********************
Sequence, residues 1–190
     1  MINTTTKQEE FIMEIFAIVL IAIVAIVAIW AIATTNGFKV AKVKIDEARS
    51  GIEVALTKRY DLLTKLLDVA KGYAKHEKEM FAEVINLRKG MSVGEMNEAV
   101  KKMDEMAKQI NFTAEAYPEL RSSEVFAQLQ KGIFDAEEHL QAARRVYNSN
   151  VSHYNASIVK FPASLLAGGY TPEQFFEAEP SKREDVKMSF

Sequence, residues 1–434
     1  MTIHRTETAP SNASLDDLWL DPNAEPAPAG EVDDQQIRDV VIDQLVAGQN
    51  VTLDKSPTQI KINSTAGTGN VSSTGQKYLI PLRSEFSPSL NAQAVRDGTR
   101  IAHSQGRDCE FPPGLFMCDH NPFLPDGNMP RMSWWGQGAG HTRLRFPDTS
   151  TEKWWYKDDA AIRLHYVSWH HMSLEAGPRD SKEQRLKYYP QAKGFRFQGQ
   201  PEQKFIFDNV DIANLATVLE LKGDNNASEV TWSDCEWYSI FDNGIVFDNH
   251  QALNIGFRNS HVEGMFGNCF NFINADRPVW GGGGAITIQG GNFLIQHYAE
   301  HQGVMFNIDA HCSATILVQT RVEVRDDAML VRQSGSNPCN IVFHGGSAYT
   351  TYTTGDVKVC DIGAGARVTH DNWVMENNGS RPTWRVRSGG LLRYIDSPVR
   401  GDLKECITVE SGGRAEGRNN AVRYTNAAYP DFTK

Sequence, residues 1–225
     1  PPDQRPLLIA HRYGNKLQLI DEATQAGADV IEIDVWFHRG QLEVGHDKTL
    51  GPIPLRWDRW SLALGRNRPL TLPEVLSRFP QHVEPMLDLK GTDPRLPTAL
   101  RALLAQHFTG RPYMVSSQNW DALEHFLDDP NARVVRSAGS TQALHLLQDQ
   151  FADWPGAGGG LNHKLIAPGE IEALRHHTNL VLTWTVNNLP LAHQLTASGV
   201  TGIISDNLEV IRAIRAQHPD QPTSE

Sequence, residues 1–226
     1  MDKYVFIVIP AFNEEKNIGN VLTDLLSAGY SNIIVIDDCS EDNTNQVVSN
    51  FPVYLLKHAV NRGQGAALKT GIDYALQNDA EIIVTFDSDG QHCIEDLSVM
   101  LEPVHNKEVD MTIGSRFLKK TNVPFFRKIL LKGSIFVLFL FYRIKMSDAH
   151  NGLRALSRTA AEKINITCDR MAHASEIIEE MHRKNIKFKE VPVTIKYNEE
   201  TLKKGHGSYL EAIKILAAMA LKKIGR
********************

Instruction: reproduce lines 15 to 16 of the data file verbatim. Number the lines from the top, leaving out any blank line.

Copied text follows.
   401  GDLKECITVE SGGRAEGRNN AVRYTNAAYP DFTK

Sequence, residues 1–225